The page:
One of the hardest things to do when you are first starting out in the industry, or even as an experienced freelance instructor is to say ‘No’.

You will be full of excitement, passion, thinking you are Queen Bey in the fitness world (which I like to do regularly lol) so it is only natural to want to say ‘Yes’ to everything. To not miss out on opportunities, the money, and if you are freelance, you don’t know what is coming in next. But there are times when saying yes can compromise your professionalism, diverting you off plan, or even compromise your wellbeing.

It’s taken me years of perfecting the art of saying no, and even now I struggle with it.

As a tutor, you get asked many questions from students regarding this type of response.  The thought of saying no to participants makes any new instructor feel nervous.  Not only for the thought of turning a punter or a coordinator away, but we strive for the numbers and don’t want to be seen as difficult.

It is not being difficult.  It is professionalism.  Knowing yourself, and setting your own ground rules; trusting yourself and remembering it is your class.

Of course you need to consider company procedure, but you will select places of work that suit your work ethic.

Make the class your own.  If your gut isn’t sure, I am a firm believer of following your instincts.  Unless you are indecisive at everything, then take a bit of time. People will try taking advantage.

So here are some tips of when it is ok to say no.  Don’t make the mistakes I made when first starting out; saying yes to everything to get the permanent slot on the timetable, over promising and under delivering.

Plan, be organised, take the best opportunities and allow fluidity.

I am glad I made mistakes as it has moulded me into the professional I am today, but it is always good to share with others.

It’s ok to say no when.

  • You only have 15 minutes to get across town before the next class starts. The 5-minute chat before a class and the time you spend answering questions at the end of a session are worth more than you realise.  It is the best time to build a rapport with your participants, to welcome new participants and knowing the needs and wants of your group will enhance your class content and success, more so than a flustered instructor with no time for anyone, because they are trying to cram in too many classes in a short amount of time.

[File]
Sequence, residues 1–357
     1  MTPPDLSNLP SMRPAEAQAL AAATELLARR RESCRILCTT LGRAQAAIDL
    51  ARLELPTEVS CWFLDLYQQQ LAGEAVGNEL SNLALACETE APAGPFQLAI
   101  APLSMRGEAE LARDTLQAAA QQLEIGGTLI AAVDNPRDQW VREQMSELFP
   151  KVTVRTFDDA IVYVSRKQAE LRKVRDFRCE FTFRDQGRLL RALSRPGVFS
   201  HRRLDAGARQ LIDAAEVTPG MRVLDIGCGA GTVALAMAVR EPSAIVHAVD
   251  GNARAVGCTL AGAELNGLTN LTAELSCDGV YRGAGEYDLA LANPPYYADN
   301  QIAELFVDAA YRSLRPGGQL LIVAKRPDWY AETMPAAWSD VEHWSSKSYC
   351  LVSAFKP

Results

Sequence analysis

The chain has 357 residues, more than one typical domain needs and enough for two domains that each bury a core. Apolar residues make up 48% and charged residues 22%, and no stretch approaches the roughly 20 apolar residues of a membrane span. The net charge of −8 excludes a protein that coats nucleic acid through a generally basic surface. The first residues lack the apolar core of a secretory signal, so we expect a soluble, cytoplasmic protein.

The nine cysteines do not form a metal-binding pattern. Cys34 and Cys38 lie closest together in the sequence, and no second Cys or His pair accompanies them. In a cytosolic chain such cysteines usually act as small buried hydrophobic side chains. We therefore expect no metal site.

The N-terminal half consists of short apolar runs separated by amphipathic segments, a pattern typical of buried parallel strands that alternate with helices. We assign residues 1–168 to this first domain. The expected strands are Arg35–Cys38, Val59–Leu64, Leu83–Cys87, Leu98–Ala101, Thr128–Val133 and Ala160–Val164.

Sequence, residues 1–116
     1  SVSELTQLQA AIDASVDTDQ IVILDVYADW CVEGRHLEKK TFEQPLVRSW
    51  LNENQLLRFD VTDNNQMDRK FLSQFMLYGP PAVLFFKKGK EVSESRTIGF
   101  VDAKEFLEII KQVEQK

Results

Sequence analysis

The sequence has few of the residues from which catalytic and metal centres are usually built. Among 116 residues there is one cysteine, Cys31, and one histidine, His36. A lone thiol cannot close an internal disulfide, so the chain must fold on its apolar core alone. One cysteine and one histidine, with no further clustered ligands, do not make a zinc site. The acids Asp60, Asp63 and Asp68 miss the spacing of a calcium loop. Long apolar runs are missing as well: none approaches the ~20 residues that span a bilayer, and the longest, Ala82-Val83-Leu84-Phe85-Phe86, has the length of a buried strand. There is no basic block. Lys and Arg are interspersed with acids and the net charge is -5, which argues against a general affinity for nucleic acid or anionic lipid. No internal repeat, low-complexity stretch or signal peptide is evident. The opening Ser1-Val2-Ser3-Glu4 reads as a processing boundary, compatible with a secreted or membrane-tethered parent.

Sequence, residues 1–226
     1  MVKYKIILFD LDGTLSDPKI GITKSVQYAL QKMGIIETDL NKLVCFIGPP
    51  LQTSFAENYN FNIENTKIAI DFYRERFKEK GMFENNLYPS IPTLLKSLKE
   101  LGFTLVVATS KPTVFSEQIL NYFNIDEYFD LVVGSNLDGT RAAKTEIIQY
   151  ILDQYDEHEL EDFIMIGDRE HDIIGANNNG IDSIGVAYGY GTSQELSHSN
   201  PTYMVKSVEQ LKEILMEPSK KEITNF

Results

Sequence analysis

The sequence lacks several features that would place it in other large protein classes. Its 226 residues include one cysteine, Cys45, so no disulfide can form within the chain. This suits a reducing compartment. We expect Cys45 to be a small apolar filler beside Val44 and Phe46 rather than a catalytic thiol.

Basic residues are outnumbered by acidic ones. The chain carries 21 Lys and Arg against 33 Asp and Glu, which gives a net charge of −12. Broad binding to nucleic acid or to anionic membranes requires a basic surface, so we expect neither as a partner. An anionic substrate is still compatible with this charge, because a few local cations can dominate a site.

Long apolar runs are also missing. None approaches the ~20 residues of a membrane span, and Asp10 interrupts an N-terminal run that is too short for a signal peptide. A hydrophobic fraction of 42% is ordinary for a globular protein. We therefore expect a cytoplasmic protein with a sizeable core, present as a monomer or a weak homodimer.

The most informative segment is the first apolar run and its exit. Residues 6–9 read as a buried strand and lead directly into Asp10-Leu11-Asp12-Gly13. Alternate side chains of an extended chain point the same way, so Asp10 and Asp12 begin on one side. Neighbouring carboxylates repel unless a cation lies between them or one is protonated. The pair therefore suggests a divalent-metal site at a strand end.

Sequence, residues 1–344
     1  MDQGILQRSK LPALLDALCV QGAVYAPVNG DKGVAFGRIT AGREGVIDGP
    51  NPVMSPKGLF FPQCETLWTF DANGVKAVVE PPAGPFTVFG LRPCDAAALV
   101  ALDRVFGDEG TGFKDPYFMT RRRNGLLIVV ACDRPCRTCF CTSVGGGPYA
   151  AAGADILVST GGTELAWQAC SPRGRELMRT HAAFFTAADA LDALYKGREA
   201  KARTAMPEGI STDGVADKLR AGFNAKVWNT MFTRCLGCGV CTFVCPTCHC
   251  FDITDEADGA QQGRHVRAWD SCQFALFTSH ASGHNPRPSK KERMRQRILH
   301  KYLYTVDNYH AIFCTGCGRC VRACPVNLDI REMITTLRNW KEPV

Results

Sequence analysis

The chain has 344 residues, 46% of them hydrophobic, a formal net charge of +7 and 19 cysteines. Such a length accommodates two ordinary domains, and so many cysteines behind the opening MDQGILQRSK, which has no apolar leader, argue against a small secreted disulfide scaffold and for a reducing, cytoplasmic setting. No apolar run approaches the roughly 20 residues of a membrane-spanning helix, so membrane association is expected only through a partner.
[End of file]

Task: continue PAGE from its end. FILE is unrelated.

• Someone has mentioned an illness or condition you are not sure of. You have a duty of care to look after everyone within your studio.  If its pushing your boundaries than its ok to say no, politely of course.  You don’t want to cause more harm than good.
  • Your regulars are getting too familiar with you.Have your business account and then a personal one.  Of course you will have your buddies and your favourites, but don’t feel like you always have to say yes.  Save the socials for seasonal events.  Anything too clicky will lose newbies and you will value your space.
  • The pay doesn’t match your worth. Be realistic with the going rates, your experience and class numbers, but it always needs to add up.  When considering your rates, do think about the planning time, business expenses and value you can bring to the centre.  Minimum wage will only cover the time within the studio.
  • If you are already at the max and you’ve planned in some well earned time off. Value the days off, your body and mind will thank you.  Always ‘on the go’ won’t help your creative juices and focus. A time out is needed for balance. Always plan in a day or a morning off. Don’t just function, flourish.
  • The deal doesn’t sound right. I’ve heard crazy stories on courses from students. They are only paid if numbers are over 8 in the class, or money is deducted from the permanent instructors wage because a cover instructor cancels a class later down the line.  You completed the work.  Be your own boss and be on the books to ensure payment.
  • Instagram can wait. Some participants lack confidence and self-esteem.  Getting these beauties on board is the most rewarding. Don’t give them a reason to stay away. They are already worried their leggings aren’t the latest, how they look when getting sweaty, or anxious they don’t know what’s going to come.  Don’t then surround them with constant photos.
  • Other instructors are getting too bitchy. Don’t ever apologise for being you.

“Your identity is your most valuable possession. Protect it.” ~ Elastigirl

And don’t you forget it!

by Kt Horsley-Page